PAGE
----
183854 Mental health and substance use in the U.S.-Mexico border region

Monday, October 27, 2008: 9:06 AM

Victoria D. Ojeda, PhD, MPH , Department of Medicine, University of California, San Diego, La Jolla, CA
Juan Rafael Albertorio, MA , International Statistics Program, National Center for Health Statistics, Hyattsville, MD
Beth Han, MD, PhD, MPH , Substance Abuse & Mental Health Services Administration, U.S. Department of Health and Human Services, Rockville, MD
Kerstin M. Reinschmidt, PhD, MPH , Mel and Enid Zuckerman College of Public Health, University of Arizona, Tucson, AZ
Objectives. To describe the prevalence of mental illness, substance use and utilization patterns by nativity and by Latino status among residents of the U.S.-Mexico border region.

Methods. Descriptive analyses of data from the SAMHSA 2002-2005 National Survey on Drug Use and Health were conducted. Data for Arizona, California, New Mexico and Texas were aggregated.

Results. The prevalence of serious psychological distress in the past year among Latinos residing in the border region was 12.8% compared to 10.2% among non-Latinos; 5.5% of border Latinos experienced a major depressive episode in the past year vs. 5.8% of non-Latinos. A greater percentage of non-Latinos (14.5%) obtained treatment for mental health conditions in the past year compared to Latinos (6.6%). U.S.-born Latinos were twice as likely as immigrant Latinos to obtain mental health care (8.6% vs. 4.4%). Immigrant Latinos (2.6%) were half as likely to report unmet need for mental health treatment compared to U.S.-born Latinos (5.1%). The prevalence of lifetime illicit drug use was higher for border non-Latinos (50.0%) vs. Latinos (35.2%). Lifetime drug use was higher for U.S.-born Latinos (43.9%) vs. immigrant Latinos (25.7%). Lifetime substance use treatment was lower for border Latinos (5.0% vs. 7.4% for non-Latinos).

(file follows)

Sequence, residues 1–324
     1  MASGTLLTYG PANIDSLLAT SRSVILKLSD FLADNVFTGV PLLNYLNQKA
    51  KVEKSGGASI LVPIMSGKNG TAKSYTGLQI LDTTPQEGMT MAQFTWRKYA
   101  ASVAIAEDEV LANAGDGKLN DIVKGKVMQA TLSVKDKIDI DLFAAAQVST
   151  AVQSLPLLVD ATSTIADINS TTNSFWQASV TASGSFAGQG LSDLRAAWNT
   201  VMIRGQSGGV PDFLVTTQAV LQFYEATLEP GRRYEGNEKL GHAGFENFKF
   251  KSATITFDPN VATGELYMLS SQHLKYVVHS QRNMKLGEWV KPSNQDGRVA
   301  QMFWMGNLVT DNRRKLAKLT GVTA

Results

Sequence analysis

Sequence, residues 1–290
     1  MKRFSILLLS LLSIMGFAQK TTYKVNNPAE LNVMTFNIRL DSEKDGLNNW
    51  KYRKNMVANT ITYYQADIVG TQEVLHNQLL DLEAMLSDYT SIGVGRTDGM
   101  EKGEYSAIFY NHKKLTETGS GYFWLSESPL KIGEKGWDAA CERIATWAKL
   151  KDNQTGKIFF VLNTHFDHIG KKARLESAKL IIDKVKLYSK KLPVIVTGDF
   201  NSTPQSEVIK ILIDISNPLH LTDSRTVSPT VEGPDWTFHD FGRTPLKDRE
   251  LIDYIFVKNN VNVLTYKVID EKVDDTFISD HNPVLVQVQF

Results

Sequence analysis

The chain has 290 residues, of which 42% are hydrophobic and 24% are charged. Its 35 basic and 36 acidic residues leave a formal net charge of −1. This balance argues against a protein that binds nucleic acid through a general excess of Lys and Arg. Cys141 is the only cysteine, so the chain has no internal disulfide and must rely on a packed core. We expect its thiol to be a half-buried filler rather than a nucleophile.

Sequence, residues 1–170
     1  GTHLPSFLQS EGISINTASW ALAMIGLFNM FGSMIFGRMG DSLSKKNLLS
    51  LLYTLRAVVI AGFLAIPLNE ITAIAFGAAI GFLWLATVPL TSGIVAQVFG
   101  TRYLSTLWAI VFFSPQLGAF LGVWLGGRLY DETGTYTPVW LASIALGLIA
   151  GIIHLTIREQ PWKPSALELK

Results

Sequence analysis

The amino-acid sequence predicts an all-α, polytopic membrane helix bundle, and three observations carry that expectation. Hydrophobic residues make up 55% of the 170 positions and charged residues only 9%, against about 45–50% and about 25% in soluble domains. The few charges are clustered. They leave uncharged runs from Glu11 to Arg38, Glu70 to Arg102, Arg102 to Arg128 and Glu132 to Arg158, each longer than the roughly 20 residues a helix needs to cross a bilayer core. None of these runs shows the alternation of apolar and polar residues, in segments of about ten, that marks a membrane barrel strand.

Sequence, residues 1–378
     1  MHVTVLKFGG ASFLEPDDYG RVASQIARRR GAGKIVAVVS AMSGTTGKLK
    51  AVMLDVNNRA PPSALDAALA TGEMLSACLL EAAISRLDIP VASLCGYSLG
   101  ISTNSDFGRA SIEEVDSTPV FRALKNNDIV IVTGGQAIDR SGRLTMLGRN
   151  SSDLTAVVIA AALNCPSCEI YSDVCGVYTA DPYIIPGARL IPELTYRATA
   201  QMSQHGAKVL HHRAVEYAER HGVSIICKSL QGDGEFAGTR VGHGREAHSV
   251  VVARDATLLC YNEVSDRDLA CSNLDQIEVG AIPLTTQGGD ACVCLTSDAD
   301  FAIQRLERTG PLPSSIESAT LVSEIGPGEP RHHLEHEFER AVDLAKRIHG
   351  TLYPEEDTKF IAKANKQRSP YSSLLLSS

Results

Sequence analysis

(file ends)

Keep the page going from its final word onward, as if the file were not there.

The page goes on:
Conclusions. Latinos are underserved by mental health services. Improving access to safety-net providers for low-income populations is important. Additional research may elucidate the protective mechanisms that result in immigrants' lower drug use prior to and following immigration to the U.S. Improved data collection efforts will facilitate surveillance of mental health and substance use issues in the region.

Learning Objectives:
1. Participants will be able to describe the prevalence of mental illness in border communities, including by Latino status. 2. Participants will be able to describe the prevalence of substance use disorders in border communities, including by Latino status. 3. Participants will be able to describe patterns of mental health service utilization by border communities, including by Latino status.

Keywords: Latino Mental Health, Access and Services

Presenting author's disclosure statement:
Organization/institution whose products or services will be discussed: not applicable

Qualified on the content I am responsible for because: I led the study
Any relevant financial relationships? No

I agree to comply with the American Public Health Association Conflict of Interest and Commercial Support Guidelines, and to disclose to the participants any off-label or experimental uses of a commercial product or service discussed in my presentation.